I use MSDE [microsoft.com] to store the album info and playlists. I am looking at moving the database to MySQL.

    I originally started this project using LiRC [lirc.org], but then I realized how much cooler a web interface would be.

    I used to open the http port through the firewall, but yahoos were hitting my page and cranking up my stereo while I was at work, and freaking out my dog.
    • ok, so I read through your post and thought is was kinda interesting.

      then I got to the last paragraph, about people hacking the server, and I just had to stop in wonder and think: it's a mighty strange world where "yahoos" can remotely freak out your dog via http. strange, man.

  • yeah, i already play my mp3's through my stereo. i plug the aux out of my sound card into the aux in of my stereo. and there is 0 latency! and i only had to spend $2 or so at Radio Shack to get a headphone-jack-to-rca-jack converter.
    • i agree.. maybe i'm not understanding the device correctly, but, why would you want to stream music to your stereo system constantly..
      won't that kill your network in your home? I would think it'd chug up a ton of bandwidth on my little 8 port hub..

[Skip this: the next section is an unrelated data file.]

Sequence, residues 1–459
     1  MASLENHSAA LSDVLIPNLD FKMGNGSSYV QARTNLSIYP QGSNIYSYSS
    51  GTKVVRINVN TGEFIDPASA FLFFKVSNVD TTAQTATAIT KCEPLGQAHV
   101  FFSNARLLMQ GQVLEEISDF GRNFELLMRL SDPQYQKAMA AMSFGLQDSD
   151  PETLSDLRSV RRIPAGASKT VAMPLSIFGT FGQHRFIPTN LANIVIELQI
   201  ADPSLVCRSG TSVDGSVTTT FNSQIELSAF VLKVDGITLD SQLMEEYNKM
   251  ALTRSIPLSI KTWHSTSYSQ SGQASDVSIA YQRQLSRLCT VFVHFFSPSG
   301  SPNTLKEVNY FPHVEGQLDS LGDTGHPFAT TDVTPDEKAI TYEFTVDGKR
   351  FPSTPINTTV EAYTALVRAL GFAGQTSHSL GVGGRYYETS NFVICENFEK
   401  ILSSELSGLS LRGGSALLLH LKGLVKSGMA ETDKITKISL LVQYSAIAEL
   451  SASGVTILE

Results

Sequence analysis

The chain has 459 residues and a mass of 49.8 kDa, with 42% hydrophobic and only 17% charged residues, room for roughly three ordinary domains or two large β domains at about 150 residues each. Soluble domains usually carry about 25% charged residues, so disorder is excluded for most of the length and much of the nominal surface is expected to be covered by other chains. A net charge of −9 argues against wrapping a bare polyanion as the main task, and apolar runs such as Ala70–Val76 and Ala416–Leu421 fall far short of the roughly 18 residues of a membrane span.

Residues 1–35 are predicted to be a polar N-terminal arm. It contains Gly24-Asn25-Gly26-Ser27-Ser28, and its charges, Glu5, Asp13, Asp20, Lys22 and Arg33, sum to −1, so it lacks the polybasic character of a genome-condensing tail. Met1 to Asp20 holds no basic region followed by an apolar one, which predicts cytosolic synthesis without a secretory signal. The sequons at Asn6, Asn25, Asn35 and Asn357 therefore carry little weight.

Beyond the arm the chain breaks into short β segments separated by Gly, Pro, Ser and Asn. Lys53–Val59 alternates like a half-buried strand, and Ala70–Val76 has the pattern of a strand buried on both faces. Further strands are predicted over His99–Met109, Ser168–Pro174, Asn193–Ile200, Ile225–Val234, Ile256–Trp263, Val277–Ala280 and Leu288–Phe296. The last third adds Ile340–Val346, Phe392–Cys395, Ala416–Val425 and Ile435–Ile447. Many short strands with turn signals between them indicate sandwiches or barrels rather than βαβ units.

and whats the audio-out specs on the device? i believe my soundcard is 20hz-20khz...that rio's specs is like 34hz-20khz or something like that..

      I dunno, i think I'd rather run rca jacks from my pc to stereo..being that i'd have to leave my computer on in order to stream to another $300 box and run same type of wires there. i could see running cat-5, if it was going to check cddb for my cd player or something.

      my onscreen pioneer cdplayer is missing cdtext, along with cddb via cat-5 :)

  • Sean? Is it possible to add this?


  • Let's see, soldering them together on a polished
    wood table with no ESD protection in sight?

    What are these people thinking?

    Clearly, not much.

  • I think I'd like it a bit more if it was USB or 802.11.

  • I think I'd buy one of these things if they supported IPv6 with anycast.
    This is exactly the kind of thing IPv6 was designed for, and since I'm going
    to start converting my home network to primarily use IPv6, this would be a
    perfect addition to my setup.

Marvelous! The super-user's going to boot me! What a finely tuned response to the situation!